Some Maximum PC staffers couldn’t live without their tablets, but others show no interest in them whatsoever. It all comes down to individual use cases. No one really “needs” a tablet, but many people are discovering that a tablet is a wonderful supplement to their core hardware arsenals. In fact, Maximum‑caliber tech enthusiasts are often the folks best served by tablets.
In the following article, we’ll explain all of that, plus review the eight most-talked-about models currently available. Six of the contenders run Google’s tablet OS, Android 3.0 (aka Honeycomb). Another, the iPad 2, runs the latest version of Apple’s iOS. The final entrant is RIM’s oddball PlayBook, which is tied to a software ecosystem so funky, the PlayBook can’t really be included in any serious tablet conversation. The most oddball tablet of all—HP’s WebOS-based TouchPad—was left out entirely because it was discontinued a few weeks before we started working on this article.
Excited? Anxious? Maybe a little scared? Simmer down, amigo. Tablets are a confusing proposition, but they need not be feared.
We imagine Nvidia's CEO Jen-Hsun Huang went on a crazy high-fiving spree when it was first announced that the company's Tegra 2 mobile chipset would power Android Honeycomb tablets. Now that the sales numbers for the tablets are in, however, it seems like all he's left with are sore palms and broken dreams – at least for now.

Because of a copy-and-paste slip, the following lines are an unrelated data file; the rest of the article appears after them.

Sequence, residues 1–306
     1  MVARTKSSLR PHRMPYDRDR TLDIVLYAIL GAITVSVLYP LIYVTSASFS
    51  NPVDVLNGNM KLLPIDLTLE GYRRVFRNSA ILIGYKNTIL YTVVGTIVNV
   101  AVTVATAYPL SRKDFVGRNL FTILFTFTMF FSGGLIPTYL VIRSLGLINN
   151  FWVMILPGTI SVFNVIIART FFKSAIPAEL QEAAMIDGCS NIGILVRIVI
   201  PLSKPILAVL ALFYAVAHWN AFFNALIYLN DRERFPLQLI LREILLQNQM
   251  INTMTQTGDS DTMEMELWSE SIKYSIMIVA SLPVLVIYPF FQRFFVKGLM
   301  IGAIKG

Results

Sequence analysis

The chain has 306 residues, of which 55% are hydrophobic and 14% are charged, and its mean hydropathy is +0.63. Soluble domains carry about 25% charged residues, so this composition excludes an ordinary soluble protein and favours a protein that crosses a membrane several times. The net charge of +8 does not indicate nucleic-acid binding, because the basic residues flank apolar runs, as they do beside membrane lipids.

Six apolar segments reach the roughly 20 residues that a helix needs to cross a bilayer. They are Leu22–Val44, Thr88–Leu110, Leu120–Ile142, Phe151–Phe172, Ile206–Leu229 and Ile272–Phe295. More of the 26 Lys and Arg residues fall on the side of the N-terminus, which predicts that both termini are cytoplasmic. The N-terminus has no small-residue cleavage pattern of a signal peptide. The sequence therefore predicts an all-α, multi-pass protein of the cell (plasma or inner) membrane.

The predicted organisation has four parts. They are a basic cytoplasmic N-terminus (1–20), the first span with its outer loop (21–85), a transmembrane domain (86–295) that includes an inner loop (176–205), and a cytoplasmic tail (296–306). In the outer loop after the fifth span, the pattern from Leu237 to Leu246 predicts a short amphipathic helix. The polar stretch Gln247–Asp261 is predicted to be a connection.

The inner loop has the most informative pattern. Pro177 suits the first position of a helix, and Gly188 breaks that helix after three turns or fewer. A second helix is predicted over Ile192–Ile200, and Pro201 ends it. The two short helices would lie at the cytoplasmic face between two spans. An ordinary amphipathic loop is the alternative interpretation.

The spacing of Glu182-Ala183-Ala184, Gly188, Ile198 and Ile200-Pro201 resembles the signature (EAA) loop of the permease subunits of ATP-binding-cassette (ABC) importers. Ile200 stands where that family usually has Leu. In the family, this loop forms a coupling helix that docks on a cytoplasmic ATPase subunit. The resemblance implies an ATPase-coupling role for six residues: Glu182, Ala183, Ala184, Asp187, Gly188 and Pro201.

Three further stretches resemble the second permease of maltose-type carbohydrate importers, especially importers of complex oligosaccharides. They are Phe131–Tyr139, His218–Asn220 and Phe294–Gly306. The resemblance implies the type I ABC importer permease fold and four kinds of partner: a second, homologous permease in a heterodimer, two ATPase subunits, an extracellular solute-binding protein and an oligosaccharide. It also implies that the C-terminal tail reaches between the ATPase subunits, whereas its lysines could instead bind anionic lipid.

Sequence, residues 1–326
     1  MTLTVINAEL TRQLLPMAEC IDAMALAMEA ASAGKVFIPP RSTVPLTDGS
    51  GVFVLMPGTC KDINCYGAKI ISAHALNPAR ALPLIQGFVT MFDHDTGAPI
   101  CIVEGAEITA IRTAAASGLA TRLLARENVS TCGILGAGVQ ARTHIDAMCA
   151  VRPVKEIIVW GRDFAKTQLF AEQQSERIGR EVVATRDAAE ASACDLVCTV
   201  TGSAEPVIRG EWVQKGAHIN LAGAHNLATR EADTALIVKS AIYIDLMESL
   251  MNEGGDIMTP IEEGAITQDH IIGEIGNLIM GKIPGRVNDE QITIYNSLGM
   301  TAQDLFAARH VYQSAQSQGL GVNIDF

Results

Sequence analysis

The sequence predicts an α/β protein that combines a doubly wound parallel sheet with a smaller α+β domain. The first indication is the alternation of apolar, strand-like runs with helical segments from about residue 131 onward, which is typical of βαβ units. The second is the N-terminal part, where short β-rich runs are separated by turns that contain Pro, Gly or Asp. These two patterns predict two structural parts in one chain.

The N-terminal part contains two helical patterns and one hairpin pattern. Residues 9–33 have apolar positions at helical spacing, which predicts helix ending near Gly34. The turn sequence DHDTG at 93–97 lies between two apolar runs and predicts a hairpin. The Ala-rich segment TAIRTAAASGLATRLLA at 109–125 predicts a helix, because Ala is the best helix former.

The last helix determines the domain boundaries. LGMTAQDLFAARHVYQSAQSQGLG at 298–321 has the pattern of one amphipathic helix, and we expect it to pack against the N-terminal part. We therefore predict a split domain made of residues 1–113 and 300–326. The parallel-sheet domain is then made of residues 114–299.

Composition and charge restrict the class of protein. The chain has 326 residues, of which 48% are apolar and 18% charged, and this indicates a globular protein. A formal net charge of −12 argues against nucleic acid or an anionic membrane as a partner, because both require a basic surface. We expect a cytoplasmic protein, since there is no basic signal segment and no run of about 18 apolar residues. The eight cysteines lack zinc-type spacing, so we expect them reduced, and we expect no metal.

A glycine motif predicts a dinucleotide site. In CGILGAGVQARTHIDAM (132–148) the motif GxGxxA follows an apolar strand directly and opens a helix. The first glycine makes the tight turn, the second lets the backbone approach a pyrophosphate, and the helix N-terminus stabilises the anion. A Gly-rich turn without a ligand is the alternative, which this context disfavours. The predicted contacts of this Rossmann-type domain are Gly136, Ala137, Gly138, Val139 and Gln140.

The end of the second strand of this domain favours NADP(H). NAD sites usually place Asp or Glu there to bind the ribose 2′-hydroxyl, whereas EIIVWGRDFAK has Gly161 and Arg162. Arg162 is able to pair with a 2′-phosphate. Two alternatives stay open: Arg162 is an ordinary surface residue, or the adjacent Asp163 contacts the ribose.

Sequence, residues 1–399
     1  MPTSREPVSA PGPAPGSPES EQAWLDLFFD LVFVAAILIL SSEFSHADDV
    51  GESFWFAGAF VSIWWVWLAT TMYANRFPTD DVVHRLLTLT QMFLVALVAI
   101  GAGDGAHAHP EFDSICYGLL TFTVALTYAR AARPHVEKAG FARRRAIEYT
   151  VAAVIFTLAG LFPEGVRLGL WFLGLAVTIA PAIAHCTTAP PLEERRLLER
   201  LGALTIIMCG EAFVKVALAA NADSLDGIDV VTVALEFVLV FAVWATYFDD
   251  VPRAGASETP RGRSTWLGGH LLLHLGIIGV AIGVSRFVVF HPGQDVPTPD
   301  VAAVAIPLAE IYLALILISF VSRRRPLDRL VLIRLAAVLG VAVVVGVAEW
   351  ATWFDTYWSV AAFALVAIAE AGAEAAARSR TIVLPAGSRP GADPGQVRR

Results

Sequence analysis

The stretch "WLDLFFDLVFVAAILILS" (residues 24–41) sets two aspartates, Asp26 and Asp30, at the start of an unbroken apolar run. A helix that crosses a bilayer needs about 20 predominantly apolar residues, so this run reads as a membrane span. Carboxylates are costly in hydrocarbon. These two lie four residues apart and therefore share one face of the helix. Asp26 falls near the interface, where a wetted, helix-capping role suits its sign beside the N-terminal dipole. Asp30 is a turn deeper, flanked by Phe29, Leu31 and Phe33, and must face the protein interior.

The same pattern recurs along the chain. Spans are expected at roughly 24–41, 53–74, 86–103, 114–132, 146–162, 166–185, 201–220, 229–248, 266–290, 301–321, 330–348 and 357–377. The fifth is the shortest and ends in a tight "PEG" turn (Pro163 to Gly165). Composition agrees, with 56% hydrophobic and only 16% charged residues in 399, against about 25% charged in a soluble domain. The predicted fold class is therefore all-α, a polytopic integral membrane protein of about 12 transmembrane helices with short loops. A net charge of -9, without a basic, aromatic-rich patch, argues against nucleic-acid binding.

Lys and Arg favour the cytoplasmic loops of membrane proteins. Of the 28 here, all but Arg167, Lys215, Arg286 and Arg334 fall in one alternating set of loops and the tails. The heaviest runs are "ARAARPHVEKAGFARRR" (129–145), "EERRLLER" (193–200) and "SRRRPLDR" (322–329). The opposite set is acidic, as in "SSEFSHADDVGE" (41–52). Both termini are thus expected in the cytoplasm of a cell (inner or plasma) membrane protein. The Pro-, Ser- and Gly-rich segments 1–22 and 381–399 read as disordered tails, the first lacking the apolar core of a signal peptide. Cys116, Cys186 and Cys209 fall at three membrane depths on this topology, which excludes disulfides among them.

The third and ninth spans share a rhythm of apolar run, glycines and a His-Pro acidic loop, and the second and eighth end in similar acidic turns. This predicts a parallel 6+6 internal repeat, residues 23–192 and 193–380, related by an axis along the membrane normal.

A leaked slide of Nvidia's upcoming Tegra 2 3D platform surfaced over the weekend, revealing a few details Nvidia reportedly plans to unveil at the Mobile World Congress in February, TechEye.net reports.
There are two versions of the processor being readied, including the AP25 chip for mobile phones and T25 for tablets/slates. These parts will scale ARM's Cortex A9 processor to 1.2GHz, a 200MHz increase over Tegra 250 series CPUs. As the leaked slides reveal, Nvidia is touting the ability to reach 5,520 MIPS, compared to 5,000 MIPS on a 1GHz Tegra 2 processor.
Assuming the slides are legit, look for these Tegra 2 parts to start shipping in Spring 2011.
There's been a rumor floating around that Nvidia's Tegra 2 platform is suffering from a yield issue, one that news and rumor site Fudzilla claims it confirmed with a "few analysts." That's news to Nvidia, which denies there's anything to worry about.
"Nvidia got back to us denying the Tegra 2 yield issue but we heard that high quality screens might be difficult to get these days," Fudzilla says.